Trigger Finger

TriggerFinger1Over time, the finger may lock and become hard to bend and straighten.

What is it?

Trigger finger/thumb is the more common name for stenosing tenosynovitis.  Hand tendons are like long rope pulleys that connect the forearm muscles to the small bones in the fingers and thumb.  The pulleys in the finger pass through a tunnel of rings.  This tunnel has a smooth lining that lets the tendons easily slide through the pulleys.

The condition occurs when the pulley located at the finger’s base thickens, narrowing the passage and making it difficult for the tendon to pass through the pulley.  This added resistance might cause pain, popping or a feeling of catching.  Catching of the tendon irritates and swells the pulley, resulting in a cycle that continues to thicken the pulley.  Over time, the finger may lock and become hard to bend and straighten.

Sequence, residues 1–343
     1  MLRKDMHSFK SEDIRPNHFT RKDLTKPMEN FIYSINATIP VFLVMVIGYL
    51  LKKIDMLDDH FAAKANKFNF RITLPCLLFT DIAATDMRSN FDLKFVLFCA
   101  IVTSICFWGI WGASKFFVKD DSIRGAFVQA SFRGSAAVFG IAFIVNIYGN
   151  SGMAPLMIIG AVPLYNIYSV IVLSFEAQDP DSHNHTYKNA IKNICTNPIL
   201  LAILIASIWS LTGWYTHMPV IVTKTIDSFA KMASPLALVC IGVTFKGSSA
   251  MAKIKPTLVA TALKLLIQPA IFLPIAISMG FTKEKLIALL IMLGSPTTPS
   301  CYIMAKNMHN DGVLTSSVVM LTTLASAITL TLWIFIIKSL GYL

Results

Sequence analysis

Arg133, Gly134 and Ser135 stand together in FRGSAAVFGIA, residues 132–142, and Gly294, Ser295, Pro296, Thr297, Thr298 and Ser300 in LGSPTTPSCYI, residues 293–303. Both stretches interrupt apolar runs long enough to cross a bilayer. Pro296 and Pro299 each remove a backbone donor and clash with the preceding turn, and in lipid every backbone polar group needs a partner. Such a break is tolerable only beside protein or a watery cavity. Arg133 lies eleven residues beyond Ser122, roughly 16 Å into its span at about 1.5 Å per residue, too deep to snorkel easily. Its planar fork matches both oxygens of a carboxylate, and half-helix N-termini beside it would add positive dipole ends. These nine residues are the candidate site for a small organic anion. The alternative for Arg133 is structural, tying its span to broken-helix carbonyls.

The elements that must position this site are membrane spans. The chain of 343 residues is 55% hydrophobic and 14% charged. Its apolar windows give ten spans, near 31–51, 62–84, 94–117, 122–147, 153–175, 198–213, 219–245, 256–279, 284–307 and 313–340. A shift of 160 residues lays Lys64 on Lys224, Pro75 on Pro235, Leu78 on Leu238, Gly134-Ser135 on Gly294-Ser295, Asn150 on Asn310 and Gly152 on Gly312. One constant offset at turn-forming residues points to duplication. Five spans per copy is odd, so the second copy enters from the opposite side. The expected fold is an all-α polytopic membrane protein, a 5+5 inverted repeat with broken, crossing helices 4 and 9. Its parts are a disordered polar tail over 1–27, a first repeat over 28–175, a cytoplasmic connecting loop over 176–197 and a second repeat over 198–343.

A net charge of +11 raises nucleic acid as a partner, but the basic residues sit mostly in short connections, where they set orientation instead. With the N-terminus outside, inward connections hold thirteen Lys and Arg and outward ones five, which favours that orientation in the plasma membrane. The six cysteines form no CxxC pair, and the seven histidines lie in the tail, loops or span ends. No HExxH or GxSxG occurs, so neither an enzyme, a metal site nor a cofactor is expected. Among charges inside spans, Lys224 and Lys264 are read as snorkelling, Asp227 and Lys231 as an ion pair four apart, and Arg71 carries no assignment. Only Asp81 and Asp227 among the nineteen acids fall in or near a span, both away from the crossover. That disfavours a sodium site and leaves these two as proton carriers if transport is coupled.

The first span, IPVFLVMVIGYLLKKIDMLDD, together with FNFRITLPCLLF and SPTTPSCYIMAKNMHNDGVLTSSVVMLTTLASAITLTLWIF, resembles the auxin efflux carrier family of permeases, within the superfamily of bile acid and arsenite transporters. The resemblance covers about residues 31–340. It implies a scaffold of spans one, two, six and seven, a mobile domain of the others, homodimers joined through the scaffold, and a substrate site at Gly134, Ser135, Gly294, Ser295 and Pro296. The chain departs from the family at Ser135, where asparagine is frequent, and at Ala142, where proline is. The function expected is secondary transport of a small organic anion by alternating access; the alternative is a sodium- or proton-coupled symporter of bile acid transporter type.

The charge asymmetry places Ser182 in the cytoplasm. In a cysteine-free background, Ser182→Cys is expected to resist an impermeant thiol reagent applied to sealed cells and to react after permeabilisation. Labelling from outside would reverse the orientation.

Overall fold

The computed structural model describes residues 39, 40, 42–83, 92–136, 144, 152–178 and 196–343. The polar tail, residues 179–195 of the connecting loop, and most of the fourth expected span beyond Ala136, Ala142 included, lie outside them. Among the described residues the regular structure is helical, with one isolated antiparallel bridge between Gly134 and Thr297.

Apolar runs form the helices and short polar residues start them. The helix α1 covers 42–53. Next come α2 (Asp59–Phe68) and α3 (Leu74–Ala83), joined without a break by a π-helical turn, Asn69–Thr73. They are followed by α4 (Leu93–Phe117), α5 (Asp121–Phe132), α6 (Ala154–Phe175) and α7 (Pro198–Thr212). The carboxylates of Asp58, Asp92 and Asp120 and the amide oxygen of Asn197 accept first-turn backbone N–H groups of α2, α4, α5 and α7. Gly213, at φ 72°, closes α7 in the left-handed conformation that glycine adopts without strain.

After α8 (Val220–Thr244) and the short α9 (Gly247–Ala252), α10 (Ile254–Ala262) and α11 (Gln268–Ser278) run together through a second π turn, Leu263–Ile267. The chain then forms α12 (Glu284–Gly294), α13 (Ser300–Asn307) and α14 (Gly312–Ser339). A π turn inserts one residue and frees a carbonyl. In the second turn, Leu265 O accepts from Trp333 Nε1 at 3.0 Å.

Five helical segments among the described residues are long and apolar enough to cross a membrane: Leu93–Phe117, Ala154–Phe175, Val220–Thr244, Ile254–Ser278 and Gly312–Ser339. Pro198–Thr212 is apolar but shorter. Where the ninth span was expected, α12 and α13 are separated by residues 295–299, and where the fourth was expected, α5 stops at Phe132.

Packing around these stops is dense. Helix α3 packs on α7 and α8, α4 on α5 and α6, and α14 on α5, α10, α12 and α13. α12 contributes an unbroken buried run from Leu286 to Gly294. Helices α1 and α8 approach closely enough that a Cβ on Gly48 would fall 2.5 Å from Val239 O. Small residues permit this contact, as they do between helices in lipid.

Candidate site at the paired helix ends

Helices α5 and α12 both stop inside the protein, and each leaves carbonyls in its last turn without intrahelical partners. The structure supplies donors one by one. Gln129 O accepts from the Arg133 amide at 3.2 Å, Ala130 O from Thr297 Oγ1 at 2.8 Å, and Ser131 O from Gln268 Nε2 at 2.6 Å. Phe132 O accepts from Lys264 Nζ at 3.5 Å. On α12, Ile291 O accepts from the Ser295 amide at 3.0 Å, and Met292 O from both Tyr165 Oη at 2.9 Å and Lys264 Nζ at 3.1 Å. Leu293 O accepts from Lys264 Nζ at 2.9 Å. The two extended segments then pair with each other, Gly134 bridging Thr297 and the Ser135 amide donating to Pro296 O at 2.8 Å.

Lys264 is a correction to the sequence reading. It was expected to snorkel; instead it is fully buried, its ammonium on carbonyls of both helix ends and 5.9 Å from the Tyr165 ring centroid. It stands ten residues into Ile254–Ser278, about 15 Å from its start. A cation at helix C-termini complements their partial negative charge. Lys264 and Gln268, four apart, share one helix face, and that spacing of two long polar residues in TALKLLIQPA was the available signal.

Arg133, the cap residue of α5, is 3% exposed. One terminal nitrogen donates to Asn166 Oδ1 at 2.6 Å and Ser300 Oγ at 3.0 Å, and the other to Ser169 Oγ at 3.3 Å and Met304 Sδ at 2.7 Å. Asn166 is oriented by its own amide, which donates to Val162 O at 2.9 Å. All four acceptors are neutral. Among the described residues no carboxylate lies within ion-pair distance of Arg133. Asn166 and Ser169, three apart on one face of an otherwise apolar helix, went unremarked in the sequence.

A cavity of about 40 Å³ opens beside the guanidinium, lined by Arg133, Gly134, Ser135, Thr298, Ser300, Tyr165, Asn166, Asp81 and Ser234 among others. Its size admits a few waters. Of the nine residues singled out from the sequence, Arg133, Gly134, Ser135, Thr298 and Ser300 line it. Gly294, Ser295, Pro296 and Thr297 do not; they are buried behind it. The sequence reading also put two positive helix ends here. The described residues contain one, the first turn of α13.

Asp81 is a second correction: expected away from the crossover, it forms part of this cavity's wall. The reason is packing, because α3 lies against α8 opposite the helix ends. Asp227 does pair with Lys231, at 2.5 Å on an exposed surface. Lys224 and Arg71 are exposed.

What causes it?

Although the cause is not always clear, sometimes the condition is associated with rheumatoid arthritis, gout and diabetes.

TriggerFinger2What are the symptoms?

The first sign might be some discomfort or tenderness in the base of the finger/thumb.  Additionally, it’s possible that a nodule will form in this area.

How do we diagnose it?

Your physician does not need to use any elaborate test to diagnose trigger finger.  The diagnosis is based on a simple physical exam and knowledge of medical history.  The exam involves the patient opening and closing the hand while we check for pain and observe ease of movement.

How is it treated?

We seek to stop the locking to restore the normal range of movement of the thumb/finger.  The swelling must be brought down in order to permit easy gliding of the tendon.  Patients may use a splint, oral anti-inflammatory medicine, or simply change activities to decrease swelling.  Sometimes it’s effective to use steroid injections in the area near the tendon and pulley.

If these treatments do not succeed in relieving symptoms, we advise a simple outpatient surgery to open the pulley to allow easy gliding.  Usually this restores active motion immediately after the procedure.  Tenderness and discomfort can occur after surgery in some patients for varying time periods.